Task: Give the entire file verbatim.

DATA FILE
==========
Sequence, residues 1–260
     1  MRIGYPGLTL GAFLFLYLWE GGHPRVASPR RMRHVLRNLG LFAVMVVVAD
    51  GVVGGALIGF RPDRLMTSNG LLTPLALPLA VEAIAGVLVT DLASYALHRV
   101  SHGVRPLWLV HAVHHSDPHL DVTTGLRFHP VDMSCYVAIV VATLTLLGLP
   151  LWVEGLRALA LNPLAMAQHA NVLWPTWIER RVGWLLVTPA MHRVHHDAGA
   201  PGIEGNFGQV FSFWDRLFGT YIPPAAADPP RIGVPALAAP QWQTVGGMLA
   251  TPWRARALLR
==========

Sequence, residues 1–260
     1  MRIGYPGLTL GAFLFLYLWE GGHPRVASPR RMRHVLRNLG LFAVMVVVAD
    51  GVVGGALIGF RPDRLMTSNG LLTPLALPLA VEAIAGVLVT DLASYALHRV
   101  SHGVRPLWLV HAVHHSDPHL DVTTGLRFHP VDMSCYVAIV VATLTLLGLP
   151  LWVEGLRALA LNPLAMAQHA NVLWPTWIER RVGWLLVTPA MHRVHHDAGA
   201  PGIEGNFGQV FSFWDRLFGT YIPPAAADPP RIGVPALAAP QWQTVGGMLA
   251  TPWRARALLR